Well exactly! I dont think YACF-AUKs are in a strong position here.
Has never ridden RAAM
---------
No.11  Because of the great host of those who dislike the least appearance of "swank " when they travel the roads and lanes. - From Kuklos' 39 Articles

T42

  • Tea tank
Re: Tips for PBP - Not the usual! -- a link
« Reply #17 on: November 21, 2014, 11:23:22 am »
I saw him open the door of one portaloo, look at the hole, shake his head and move onto the next one, which was exactly the same. He was still standing and staring when I scarpered, having filled my water bottle.

...with what? ;D
I've dusted all those old bottles and set them up straight.

vorsprung

  • Opposites Attract
    • Audaxing
Re: Tips for PBP - Not the usual! -- a link
« Reply #18 on: November 21, 2014, 11:34:51 am »
99% moronic USAian misinformation.
^^^ 100% smug British contempt.

I've read randon newsgroup before and this thread is fairly typical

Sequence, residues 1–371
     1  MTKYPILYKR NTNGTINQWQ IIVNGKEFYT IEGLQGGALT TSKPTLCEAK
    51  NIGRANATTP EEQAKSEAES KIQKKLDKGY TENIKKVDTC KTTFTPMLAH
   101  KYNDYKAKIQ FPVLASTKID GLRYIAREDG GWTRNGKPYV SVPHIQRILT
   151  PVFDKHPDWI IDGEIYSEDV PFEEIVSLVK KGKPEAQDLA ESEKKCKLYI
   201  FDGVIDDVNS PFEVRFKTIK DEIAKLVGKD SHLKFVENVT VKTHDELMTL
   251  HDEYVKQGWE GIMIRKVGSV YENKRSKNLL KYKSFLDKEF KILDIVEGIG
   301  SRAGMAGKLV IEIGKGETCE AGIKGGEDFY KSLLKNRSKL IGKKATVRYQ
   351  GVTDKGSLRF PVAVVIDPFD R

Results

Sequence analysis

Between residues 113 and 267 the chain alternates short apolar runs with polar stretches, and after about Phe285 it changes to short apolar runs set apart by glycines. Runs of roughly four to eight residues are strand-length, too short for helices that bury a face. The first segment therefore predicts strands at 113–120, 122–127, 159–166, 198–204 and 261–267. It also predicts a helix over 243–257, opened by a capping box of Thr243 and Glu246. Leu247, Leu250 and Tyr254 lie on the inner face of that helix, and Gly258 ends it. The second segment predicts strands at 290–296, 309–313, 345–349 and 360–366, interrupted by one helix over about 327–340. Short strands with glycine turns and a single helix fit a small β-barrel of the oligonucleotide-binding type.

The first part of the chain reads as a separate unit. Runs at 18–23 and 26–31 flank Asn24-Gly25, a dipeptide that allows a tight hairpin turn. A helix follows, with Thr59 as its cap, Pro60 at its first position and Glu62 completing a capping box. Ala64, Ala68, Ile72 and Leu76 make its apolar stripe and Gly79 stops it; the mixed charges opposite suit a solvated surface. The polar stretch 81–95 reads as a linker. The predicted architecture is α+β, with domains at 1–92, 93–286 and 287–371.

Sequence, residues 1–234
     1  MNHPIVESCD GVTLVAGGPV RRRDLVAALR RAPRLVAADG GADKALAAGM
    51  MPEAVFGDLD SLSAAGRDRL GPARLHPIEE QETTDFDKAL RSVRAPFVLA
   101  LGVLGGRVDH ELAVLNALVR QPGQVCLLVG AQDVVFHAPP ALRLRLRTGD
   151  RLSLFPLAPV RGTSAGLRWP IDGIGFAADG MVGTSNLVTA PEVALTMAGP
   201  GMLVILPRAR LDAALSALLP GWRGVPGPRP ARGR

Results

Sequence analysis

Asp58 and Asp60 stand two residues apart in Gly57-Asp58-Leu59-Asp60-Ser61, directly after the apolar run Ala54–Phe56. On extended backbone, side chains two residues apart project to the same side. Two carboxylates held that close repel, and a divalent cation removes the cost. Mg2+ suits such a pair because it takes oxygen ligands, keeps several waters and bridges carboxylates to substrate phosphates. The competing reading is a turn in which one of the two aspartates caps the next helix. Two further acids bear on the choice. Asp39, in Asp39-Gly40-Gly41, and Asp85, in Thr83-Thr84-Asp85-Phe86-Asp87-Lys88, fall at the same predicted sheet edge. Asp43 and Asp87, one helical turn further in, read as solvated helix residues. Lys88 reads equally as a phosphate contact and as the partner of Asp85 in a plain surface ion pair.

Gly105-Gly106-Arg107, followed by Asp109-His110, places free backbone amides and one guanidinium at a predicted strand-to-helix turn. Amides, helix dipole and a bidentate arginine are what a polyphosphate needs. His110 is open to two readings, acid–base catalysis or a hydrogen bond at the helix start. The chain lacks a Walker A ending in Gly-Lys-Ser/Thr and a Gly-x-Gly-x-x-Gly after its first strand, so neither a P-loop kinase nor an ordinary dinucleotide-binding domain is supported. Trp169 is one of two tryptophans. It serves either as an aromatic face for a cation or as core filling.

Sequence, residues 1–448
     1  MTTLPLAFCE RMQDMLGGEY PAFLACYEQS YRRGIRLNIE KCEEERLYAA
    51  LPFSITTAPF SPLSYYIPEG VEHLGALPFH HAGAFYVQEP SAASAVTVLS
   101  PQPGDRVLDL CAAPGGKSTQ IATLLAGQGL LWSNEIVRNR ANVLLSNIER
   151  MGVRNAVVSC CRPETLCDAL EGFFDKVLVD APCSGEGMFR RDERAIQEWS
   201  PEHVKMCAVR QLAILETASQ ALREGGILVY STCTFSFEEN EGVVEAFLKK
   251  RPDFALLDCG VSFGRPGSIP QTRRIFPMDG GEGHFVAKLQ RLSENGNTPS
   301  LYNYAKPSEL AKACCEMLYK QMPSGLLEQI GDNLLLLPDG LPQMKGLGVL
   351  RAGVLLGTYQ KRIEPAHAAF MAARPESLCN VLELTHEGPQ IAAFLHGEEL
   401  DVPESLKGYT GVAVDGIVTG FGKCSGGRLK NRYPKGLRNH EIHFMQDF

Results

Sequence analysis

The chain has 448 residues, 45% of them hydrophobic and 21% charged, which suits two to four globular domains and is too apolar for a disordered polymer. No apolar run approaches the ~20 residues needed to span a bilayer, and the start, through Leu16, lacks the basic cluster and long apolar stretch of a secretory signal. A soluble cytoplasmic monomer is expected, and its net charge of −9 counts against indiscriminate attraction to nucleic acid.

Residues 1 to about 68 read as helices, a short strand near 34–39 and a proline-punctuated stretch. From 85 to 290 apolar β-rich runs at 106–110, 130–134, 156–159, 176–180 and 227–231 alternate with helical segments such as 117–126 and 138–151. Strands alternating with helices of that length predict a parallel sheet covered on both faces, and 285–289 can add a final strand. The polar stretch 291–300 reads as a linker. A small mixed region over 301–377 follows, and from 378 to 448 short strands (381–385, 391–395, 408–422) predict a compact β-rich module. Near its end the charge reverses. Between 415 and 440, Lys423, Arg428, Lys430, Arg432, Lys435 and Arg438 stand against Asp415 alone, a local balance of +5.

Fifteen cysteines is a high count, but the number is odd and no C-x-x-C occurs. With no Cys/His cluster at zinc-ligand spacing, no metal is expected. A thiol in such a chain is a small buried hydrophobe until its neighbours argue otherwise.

I'm sure there are many, many useful nuggets of information that inhabitants of the United States of America can give us on how to ride PBP.  But on randon these bits of advice are mixed in with all kinds of other stuff.  The signal to noise ratio is low. 

Sorry for calling you morons, that wasn't necessary
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vorsprung

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Re: Tips for PBP - Not the usual! -- a link
« Reply #19 on: November 21, 2014, 11:41:50 am »
For example: several people claim it's difficult to find food and drink on the route??!??